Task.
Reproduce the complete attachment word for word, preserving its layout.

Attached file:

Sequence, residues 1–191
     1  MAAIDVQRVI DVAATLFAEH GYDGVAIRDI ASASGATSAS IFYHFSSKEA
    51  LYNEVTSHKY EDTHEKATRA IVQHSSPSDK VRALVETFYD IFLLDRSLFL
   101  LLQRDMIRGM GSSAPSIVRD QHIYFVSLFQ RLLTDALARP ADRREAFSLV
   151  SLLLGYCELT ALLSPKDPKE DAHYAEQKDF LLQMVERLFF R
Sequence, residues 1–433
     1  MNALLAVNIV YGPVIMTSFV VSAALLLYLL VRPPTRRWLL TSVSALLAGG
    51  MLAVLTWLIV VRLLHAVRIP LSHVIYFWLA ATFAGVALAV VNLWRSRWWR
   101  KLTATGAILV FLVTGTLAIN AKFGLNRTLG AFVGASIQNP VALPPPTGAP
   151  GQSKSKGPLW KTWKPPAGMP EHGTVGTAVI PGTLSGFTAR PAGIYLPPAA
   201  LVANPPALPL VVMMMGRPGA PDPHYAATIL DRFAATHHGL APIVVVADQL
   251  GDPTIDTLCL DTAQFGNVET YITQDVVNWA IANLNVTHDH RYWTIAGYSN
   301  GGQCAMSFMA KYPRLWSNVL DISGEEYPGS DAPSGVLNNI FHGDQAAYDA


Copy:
Sequence, residues 1–191
     1  MAAIDVQRVI DVAATLFAEH GYDGVAIRDI ASASGATSAS IFYHFSSKEA
    51  LYNEVTSHKY EDTHEKATRA IVQHSSPSDK VRALVETFYD IFLLDRSLFL
   101  LLQRDMIRGM GSSAPSIVRD QHIYFVSLFQ RLLTDALARP ADRREAFSLV
   151  SLLLGYCELT ALLSPKDPKE DAHYAEQKDF LLQMVERLFF R
Sequence, residues 1–433
     1  MNALLAVNIV YGPVIMTSFV VSAALLLYLL VRPPTRRWLL TSVSALLAGG
    51  MLAVLTWLIV VRLLHAVRIP LSHVIYFWLA ATFAGVALAV VNLWRSRWWR
   101  KLTATGAILV FLVTGTLAIN AKFGLNRTLG AFVGASIQNP VALPPPTGAP
   151  GQSKSKGPLW KTWKPPAGMP EHGTVGTAVI PGTLSGFTAR PAGIYLPPAA
   201  LVANPPALPL VVMMMGRPGA PDPHYAATIL DRFAATHHGL APIVVVADQL
   251  GDPTIDTLCL DTAQFGNVET YITQDVVNWA IANLNVTHDH RYWTIAGYSN
   301  GGQCAMSFMA KYPRLWSNVL DISGEEYPGS DAPSGVLNNI FHGDQAAYDA